Shooting at night

I think there's something extra magical about night-time film photography. With scenes often empty of people, these images take on an almost surreal quality, catching the final glow of the day, or the buzz of artificial lighting. Although shooting at night can produce these incredibly atmospheric photos, as a practice that is built off the use of light, it can be difficult to master. This week's Fundamentals details all the tips and tricks that will help you achieve the best photos once the sun goes down.


Photo by @anojan

Extra gear

Because of the limited light during night shooting, you'll need a much longer exposure (more on that later). To ensure there isn't any bumping or shaking of the camera whilst taking a photo, it's best to use a tripod and a shutter release cable - these will make up the essentials of night photography and ensure you get a clear final result.


Photo by David Meehan


Many people find colour film works better when shooting at night. Black and white film doesn't have the same dynamic range, which results in highlights becoming blown out and shadows being lost easier.

The higher the ISO of your film, the less overexposure you'll need, so the better it is for low light situations like night shooting. ISO 800 is a good range and the film speed most people lean towards at night.


Photo by @anojan


Location is just as important as the technical side of night photography. You need to think carefully about the scene you want to capture and the light sources around it. Not every night-time scene is going to create a great photo, and you want to choose somewhere that has external light sources, such as a streetlight or the glow from within a building. Ambient light that doesn't result in extreme contrast will produce better photos. Like all things film related, determining whether a scene is going to be too dark to shoot takes trial and practice. Consider going out at blue hour, shortly after sunset, where you will get just enough light and those gorgeous cooler tones.


Photo by Mark Webber


Let's get onto the technical, and probably most intimidating side of night photography - working out the exposure you need to shoot at. A light meter is a great tool to add to your photography kit, and will really come handy in complicated lighting situations like this. It's generally best to expose your photo for the mid tones, so point your light meter somewhere between the light source and the darkest point of the scene. Of course, this isn't a hard and fast rule and you can expose for the shadows by pointing the meter at the darkest area. You can also get light meter apps on your phone if you don't want to pay for a separate piece of gear.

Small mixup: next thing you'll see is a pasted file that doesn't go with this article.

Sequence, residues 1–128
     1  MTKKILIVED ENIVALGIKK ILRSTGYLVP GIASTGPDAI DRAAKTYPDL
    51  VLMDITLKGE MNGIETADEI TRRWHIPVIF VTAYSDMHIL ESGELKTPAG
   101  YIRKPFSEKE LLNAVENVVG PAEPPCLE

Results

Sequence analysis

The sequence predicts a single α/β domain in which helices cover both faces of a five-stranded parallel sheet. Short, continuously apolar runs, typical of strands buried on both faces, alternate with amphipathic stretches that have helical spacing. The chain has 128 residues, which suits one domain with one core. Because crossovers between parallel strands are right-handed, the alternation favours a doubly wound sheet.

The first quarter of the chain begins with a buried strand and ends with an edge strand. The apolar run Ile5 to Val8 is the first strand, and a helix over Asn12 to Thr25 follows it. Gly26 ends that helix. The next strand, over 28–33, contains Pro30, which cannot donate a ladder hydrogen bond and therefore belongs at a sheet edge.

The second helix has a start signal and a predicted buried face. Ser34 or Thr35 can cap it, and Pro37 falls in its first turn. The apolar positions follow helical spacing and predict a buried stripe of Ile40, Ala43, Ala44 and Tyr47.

It's tempting to shoot at the lowest aperture when out at night, but try shooting with a slightly higher aperture - around f8 or f11, with a longer exposure. This increases your depth of field, so you will get more of the scene in focus.

However, when you are shooting at such long exposures you get something called reciprocity failure, where the film loses sensitivity as you expose it. Because of this, at night you have to adjust your metered settings to compensate and overexpose your photo. You can find a graph or table for every film stock detailing their specific reciprocity failure, or you can get the app. So for example, the reciprocity failure of your film might require you to overexpose by a stop, meaning you would add a stop to your light meter reading - taking it from 8 seconds, to 15 seconds, for example.


Photo by @posh_photo

Reciprocity failure and exposing for night photography is something that can take a little time to wrap your head around. It's great whilst you're still learning to practice bracketing - shooting the same image multiple times, going up and down a stop either side of your exposure. If you really like the composition this improves your chances of taking a successful photo and also allows you to compare the effects of differing exposures.

Shooting at night holds so much magical potential - it might take a little practice but as you can see from the examples in this post, it can also completely change up the look and feel of your photographs. Everything looks different under the cover of darkness, so play with the empty streets and neon lighting, you can create some unique and incredible images.


Photo by @anojan


Cover image by @anojan

Author : Becca Knight 

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